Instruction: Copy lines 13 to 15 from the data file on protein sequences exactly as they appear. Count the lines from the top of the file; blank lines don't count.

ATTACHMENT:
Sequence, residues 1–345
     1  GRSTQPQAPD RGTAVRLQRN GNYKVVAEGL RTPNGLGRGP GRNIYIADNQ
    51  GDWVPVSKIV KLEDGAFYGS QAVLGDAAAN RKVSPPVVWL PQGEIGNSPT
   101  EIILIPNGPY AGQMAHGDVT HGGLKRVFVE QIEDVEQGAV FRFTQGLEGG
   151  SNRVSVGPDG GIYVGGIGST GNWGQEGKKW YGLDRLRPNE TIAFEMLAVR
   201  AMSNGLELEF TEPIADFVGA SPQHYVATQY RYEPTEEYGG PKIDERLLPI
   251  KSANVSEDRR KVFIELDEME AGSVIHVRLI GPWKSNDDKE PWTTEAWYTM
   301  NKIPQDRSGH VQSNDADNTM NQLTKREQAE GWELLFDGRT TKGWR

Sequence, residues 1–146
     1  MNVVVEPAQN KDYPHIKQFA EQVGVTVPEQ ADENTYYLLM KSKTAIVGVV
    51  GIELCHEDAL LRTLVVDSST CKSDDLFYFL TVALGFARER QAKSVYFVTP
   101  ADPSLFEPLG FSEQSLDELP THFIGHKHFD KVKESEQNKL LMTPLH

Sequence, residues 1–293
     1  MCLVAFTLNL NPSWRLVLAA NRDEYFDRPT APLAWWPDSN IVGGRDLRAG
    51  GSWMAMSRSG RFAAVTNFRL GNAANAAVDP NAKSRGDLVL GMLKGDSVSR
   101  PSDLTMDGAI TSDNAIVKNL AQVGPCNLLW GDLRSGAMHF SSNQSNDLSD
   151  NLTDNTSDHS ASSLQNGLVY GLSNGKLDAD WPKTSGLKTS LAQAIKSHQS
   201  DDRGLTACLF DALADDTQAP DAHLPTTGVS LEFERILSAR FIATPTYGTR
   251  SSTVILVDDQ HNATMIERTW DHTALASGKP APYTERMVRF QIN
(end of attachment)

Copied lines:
Sequence, residues 1–293
     1  MCLVAFTLNL NPSWRLVLAA NRDEYFDRPT APLAWWPDSN IVGGRDLRAG
    51  GSWMAMSRSG RFAAVTNFRL GNAANAAVDP NAKSRGDLVL GMLKGDSVSR